AN03a_An Era of Growth and Disunion- Expanding Markets and Moving West
Timeline: 1825 – 1847
FQ: How did Westward Expansion Impact Economic Growth?
I. Markets Change
A. US Markets Expand
1. Entrepreneurialism (“The Business of America is Business”)
a. Capitalism: Economic system where private businesses and individuals own the means of production.
b. Entrepreneurs: “To undertake”. Investors willing to take financial risk in return for economic success.
2. New Inventions/ Innovations
b. Vulcanization of Rubber (Goodyear)
c. Sewing Machine (Singer)
3. (Rural & Urban) Household Economics
a. Farm mechanization to meet demand for food.
b. Farm equipment bolsters manufacturing.
c. Economies of scale forces prices down. Consumerism rises for work/ pleasure.
B. An Economic Revolution
1. Communication: Telegraph, 1837. Instant contact. (Simultaneity achieved).
a. Steamships (Rivers), Canals (Coast => Interior. Shipping costs fall)
b. Railroads (very fast, economy of scale, cargo & passenger) Time standardization, 1840’s, makes Synchronicity possible today- as in Daylight Savings Time clock changes.
C. Markets Connect Regions (Sections)
1. Industrial/ Carrying Trade- North
a. Factory Capital
b. Machinery Capital
2. Agricultural (Cash Crop)- South
a. Land Capital
b. Slave Capital
3. Agricultural (Food Stuffs)- West
a. Land Capital
b. Machinery Capital (John Deere & Steel Plow, Cyrus McCormick & Reaper)
4. Economies of Scale- Efficiency rises, Prices fall.
II. “Manifest Destiny”
A. An Attractive Frontier
1. Manifest Destiny: Ordained by God to expand across the West to the Pacific.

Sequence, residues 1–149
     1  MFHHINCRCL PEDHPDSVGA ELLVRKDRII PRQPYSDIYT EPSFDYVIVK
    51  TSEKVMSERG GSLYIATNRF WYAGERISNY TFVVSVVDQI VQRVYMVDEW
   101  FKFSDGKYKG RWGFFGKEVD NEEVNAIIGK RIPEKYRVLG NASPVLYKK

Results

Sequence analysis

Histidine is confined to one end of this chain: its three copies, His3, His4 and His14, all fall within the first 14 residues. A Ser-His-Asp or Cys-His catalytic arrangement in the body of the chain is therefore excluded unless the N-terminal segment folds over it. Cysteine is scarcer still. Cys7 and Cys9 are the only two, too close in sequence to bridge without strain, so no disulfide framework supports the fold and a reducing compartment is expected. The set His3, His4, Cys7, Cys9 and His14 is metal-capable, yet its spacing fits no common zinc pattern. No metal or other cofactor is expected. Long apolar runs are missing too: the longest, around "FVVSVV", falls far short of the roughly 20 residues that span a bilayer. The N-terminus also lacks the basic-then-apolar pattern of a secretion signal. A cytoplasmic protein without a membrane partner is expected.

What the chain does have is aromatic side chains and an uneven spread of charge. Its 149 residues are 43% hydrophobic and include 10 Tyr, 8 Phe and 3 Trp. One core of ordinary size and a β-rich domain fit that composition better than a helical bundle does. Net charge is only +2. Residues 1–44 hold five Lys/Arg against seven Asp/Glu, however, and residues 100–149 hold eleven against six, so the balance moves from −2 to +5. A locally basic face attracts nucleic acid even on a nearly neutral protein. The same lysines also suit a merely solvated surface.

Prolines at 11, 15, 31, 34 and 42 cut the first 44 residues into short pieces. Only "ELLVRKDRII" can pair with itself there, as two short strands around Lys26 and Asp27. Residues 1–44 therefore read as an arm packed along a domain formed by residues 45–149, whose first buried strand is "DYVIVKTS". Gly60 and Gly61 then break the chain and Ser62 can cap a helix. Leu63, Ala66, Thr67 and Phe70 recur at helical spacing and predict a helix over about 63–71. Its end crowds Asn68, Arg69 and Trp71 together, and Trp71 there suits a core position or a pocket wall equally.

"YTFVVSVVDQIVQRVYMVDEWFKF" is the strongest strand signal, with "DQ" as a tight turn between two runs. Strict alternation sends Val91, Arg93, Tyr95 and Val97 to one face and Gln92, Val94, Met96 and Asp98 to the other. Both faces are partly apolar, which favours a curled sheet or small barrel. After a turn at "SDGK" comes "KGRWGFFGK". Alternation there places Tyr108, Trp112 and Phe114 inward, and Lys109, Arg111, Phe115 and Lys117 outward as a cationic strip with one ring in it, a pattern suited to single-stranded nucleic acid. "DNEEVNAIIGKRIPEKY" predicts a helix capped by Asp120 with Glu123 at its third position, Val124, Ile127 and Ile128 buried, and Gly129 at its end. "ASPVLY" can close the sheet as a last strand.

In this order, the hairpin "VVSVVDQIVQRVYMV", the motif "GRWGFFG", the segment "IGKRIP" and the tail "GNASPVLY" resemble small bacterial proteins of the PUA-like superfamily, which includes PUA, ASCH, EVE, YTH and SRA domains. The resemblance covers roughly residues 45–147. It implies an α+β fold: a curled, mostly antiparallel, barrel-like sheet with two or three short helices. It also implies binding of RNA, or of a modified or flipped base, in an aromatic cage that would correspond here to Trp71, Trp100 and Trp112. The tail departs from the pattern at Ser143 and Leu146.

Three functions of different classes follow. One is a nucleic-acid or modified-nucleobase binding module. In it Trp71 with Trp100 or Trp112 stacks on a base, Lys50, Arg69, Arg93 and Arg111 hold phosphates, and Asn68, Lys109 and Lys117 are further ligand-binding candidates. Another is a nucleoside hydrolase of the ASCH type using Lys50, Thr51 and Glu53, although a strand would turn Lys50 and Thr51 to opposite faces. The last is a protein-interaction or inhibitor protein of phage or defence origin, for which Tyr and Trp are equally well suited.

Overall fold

2. Opportunity: Expanse, cost, trade benefits.
B. Settlers and Native Peoples
1. Black Hawk War: Repetition of past/ future conflict brought about be US encroachment (Remember the ‘Miami and Little Turtle’?).
2. Laramie Treaty: “Oft heard refrain”.
a. Settlers Encroach on Native land
c. Military responds, defeats Natives
d. Natives forced to move West and a monetary (annual payments to Natives)/ territorial (land east of Rocky Mountains) settlement imposed.
C. Trails West
1. Sante Fe & Oregon Trails:
a. Into “New Mexico” territory, Oregon Territory respectively
b. Previously well-traveled paths westward from the Mississippi.
c. Trade, then later settlements, were motivating factors.
2. Mormon Migration: Webquest
a. Pivotal Figures?
b. Unique Belief?
c. Why Move?
3. Territorial Disputes
a. Britain: Eastern-Northern Canadian border settled, but continued expansion westward brings border issues to North-West (Oregon Territory).
b. James K. Polk: “Fifty-Four Forty or Fight”
c. Fur trade declines, little arable land north of 49th parallel=> Treaty to extend previously negotiated border with Canada from the East toward the Pacific. This is the current border to today.
III. ‘Texas’ Available for Business
A. Spanish ‘Mission’ System
1. Win Natives as allies
2. Convert to Roman Catholicism
3. Create strongholds in isolated expanse (Presidios => Forts)
B. Mexican Independence, 1821
1. Mexican-Native Relationship turns sour. Prior goals of the ‘mission’ are replaced by economic enterprise.
2. Economic Enticements by Mexico
a. Expands trade w/ US flowing along Sante Fe/ Oregon Trails